Once Tintin was finished with his adventure in Congo, he found himself in Chicago, the city made famous by its windy streets and its gangsters. Immediately after getting of his train in Chigago, Tintin was kidnapped. The crafty little fellow that he is, he escaped and was able to capture his tormentors. But he was tricked again and taken away by gangsters posing as policemen in a green car. This green car was a 1935 model Graham Super Six.


Graham-Paige was a car company founded by three brothers, Joseph, Robert and Ray Grahams in 1927. This company was created when the Graham brothers bought Paige-Detroit Motor Company in 1927. They initially offered a series of six and eight cylinder engine cars under the brand name Graham-Paige and trucks under the brand name Paige. Their cars were fairly successful in racing and this boosted their sales. At the Indianapolis 500, a Graham-powered car qualified at 109 mph but was forced out of the actual race on the 61st lap with a broken crankshaft. Another Graham later entered the 1934 Indy 500 finished tenth at an average speed of 95.9 mph. Unlike other car companies of the day, they produced their own engines and bodies and supplied cars with bodies and not as chassis. initially the company could withstand the great depression. However, the sales fell as the decade proceeded and finally the company stopped production in 1940 and was acquired by Kaiser-Frazer in 1947.

The car under discussion had an eight cylinder engine. Models under the Blue Streak name were offered with eight cylinder engines also. From 1936 onwards, these engines were supercharged. The engines displaced 4021 cc (245.4 cu-inch) and produced 90 HP. They had new cam contours, dual valve springs, aluminum cylinder head, and resonant-type muffler. It had a three speed gear box with silent-second unit with free-wheeling.


These cars were available as:-

  • Sedans.
  • Three-window coupe, the car in which Tintin was tricked into coming with the gangsters.
  • Convertible coupe.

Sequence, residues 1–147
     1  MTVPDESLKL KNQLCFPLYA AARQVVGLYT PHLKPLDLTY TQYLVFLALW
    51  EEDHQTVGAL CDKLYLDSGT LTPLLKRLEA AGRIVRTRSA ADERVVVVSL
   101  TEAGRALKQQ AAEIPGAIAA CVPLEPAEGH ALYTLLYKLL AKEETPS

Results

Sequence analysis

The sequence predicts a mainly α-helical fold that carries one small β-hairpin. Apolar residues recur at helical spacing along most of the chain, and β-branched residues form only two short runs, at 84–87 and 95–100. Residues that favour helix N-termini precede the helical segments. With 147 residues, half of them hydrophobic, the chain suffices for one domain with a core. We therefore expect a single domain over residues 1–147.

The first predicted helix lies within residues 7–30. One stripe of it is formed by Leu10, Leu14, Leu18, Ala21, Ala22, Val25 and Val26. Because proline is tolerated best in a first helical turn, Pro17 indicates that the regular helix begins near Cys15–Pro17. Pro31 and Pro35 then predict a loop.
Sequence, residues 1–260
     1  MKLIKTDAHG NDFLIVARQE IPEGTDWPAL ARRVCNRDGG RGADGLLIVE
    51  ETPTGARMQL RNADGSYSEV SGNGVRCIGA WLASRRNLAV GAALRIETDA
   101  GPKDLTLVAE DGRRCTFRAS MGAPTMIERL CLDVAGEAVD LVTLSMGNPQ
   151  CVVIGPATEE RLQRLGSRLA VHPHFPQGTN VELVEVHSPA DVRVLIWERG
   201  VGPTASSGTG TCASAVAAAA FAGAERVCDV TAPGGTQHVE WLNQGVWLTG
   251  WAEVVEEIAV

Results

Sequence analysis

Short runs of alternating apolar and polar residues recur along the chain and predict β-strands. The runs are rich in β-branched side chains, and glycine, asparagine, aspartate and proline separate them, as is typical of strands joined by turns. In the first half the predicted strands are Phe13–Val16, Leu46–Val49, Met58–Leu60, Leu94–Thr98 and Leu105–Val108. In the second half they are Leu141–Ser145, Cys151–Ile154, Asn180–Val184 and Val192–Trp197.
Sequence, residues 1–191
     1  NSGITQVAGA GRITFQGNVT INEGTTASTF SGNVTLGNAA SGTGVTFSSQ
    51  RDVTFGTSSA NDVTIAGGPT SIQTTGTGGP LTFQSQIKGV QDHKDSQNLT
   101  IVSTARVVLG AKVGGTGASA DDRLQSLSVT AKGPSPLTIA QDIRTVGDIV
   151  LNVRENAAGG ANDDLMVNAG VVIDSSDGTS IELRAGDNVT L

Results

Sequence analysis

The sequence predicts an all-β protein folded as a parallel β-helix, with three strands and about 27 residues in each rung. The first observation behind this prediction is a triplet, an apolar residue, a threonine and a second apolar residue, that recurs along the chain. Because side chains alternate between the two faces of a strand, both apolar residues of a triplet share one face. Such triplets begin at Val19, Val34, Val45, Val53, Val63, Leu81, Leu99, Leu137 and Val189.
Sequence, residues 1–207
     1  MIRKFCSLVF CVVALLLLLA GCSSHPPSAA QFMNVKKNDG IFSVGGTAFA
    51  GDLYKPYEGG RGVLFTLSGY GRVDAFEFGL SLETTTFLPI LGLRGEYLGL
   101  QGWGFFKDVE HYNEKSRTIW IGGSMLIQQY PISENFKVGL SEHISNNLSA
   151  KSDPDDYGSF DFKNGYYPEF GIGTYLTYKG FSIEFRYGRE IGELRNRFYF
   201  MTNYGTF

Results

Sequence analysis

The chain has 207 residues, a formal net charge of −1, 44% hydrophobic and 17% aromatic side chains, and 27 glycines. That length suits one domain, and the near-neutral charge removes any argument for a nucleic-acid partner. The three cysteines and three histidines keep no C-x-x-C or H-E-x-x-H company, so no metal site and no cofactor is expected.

These cars introduced a number of innovative ideas, but the most copied design feature was the enclosed fenders which covered all the dirt and grime accumulated by the car underneath, giving a clean look on top. To further de-clutter the design, the radiation cap was moved to beneath the bonnet. To allow for widening the body, the rear axle was placed through large openings on both sides of the frame, with arrangement to absorb any shock  by chance the car axle made contact. Rear springs were mounted on the outer sides of the chassis frame in order to lower the car. The shock absorbers could be adjusted from the driver’s seat. The cars had sharply raked single piece wind shields except in the convertible coupes. Graham-Paige was the first company to offer “Pearl Essence” paint jobs and colour coded fenders when black frames and fenders were the norm.

1937 Graham Custom Series 120 Supercharger Four-door Sedan  Licensed under Public Domain via Wikimedia Commons
1937 Graham Custom Series 120 Supercharger Four-door Sedan Licensed under Public Domain via Wikimedia Commons

Stopping power was provided by  “Centrifuse” brake drums. These brake drums had molten cast iron spinning into the stamped-and-welded brake drum ring and backing plate. These brakes had longer life and were light weight.

A total of 4.2 million of these cars were produced.